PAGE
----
Letting a reader know who is speaking can be done in other ways. By using a character's action or reaction. Mary crossed toward him. "What are you doing here?" John scowled. "I don't get what you're talking about. Using these actions or reactions identifies the speaker and shows a bit of what they are doing.
Another thing some writers do is use adverbs to get across a bit of color to the person's speech. "I don't believe a word you've said,"Mary said haughtily. "Go away," he said glumly.This is all right but showing is more effective. Mary's eyes iced. "I don't believe a word you said." His lips turned down and he lowered his eyes. "Go away."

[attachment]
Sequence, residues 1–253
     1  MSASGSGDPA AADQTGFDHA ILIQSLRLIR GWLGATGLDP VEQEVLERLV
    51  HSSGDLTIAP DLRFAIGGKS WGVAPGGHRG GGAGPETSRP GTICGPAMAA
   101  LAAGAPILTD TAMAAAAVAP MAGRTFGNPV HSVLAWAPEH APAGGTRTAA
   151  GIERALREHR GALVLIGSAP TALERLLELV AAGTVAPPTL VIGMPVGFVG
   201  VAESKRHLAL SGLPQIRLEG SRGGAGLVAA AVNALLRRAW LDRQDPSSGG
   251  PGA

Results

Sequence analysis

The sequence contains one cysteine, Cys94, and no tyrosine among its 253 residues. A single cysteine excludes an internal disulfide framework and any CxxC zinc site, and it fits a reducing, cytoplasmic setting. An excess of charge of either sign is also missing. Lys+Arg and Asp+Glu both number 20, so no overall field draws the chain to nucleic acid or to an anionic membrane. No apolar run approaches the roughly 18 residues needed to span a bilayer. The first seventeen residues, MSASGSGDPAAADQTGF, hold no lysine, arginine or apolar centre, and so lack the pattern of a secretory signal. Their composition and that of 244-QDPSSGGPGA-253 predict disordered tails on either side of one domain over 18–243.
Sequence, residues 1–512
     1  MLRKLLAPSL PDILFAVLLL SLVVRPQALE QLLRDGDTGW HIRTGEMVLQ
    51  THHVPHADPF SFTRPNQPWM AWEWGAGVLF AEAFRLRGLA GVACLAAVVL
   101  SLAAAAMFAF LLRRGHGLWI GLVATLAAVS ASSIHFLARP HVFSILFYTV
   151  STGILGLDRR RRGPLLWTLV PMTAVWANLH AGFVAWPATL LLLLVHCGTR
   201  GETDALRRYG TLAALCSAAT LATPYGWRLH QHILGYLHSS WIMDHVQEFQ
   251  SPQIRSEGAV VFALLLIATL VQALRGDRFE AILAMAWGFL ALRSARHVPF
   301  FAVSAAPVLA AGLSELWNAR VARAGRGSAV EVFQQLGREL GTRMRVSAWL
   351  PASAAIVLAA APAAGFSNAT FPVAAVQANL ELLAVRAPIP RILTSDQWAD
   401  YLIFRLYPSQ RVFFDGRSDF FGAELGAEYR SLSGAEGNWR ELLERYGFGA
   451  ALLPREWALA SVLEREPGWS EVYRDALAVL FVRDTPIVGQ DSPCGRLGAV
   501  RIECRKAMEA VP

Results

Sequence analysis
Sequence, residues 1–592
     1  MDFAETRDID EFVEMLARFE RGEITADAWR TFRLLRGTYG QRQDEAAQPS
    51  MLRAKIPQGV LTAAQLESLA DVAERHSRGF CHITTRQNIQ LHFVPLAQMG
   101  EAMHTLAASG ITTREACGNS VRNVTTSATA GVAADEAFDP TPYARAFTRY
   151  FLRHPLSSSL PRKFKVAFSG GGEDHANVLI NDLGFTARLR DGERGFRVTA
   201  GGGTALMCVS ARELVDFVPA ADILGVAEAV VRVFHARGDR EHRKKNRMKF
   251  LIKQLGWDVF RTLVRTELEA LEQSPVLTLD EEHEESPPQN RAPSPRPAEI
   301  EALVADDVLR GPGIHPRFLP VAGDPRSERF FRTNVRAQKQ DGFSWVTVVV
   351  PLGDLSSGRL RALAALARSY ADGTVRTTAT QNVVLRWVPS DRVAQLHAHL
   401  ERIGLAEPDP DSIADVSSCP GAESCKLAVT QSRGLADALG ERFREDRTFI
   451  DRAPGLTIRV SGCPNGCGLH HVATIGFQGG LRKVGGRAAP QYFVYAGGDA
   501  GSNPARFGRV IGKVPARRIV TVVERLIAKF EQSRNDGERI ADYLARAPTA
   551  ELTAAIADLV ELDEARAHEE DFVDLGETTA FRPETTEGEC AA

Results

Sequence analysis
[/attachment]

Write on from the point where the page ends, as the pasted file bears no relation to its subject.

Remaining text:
Another thing is avoid are soliloquities. This is where a person goes on and on making the dialogue into a paragraph or more." What happens here is the reader forgets what the character is talking about. Break these long bits apart with some kindof action or reaction by the listener.
Now a word about dialect. Use this sparingly. I once read a book by a favorite author that I put aside because the characters were so heavily into dialect that I had to stop and puzzle the meaning of every conversation.
Next week, I'll give a check list for you to use when revising the dialogue in your story.
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